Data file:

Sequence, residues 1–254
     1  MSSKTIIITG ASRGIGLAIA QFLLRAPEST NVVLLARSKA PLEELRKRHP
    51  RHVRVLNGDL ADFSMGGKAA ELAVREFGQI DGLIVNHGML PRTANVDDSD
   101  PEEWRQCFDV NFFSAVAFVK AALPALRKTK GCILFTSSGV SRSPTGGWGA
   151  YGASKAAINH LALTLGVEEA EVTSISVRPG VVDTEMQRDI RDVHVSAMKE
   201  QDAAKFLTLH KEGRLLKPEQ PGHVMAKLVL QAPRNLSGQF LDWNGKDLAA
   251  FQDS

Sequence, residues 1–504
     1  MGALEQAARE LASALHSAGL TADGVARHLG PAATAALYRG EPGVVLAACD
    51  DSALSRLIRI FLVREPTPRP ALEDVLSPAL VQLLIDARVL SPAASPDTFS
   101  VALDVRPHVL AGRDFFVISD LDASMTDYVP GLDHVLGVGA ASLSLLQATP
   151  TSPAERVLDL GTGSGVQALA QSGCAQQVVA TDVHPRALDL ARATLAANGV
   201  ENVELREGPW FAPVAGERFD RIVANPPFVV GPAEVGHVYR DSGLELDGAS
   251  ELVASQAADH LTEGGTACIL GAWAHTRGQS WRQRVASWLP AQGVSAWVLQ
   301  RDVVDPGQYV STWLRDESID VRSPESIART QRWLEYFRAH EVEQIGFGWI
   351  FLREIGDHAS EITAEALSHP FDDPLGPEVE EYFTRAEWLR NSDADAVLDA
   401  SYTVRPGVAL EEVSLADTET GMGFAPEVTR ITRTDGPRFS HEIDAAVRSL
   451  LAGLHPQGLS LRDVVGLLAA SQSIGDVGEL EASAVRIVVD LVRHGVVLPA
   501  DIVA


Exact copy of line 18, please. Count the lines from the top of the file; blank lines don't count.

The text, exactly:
   451  LAGLHPQGLS LRDVVGLLAA SQSIGDVGEL EASAVRIVVD LVRHGVVLPA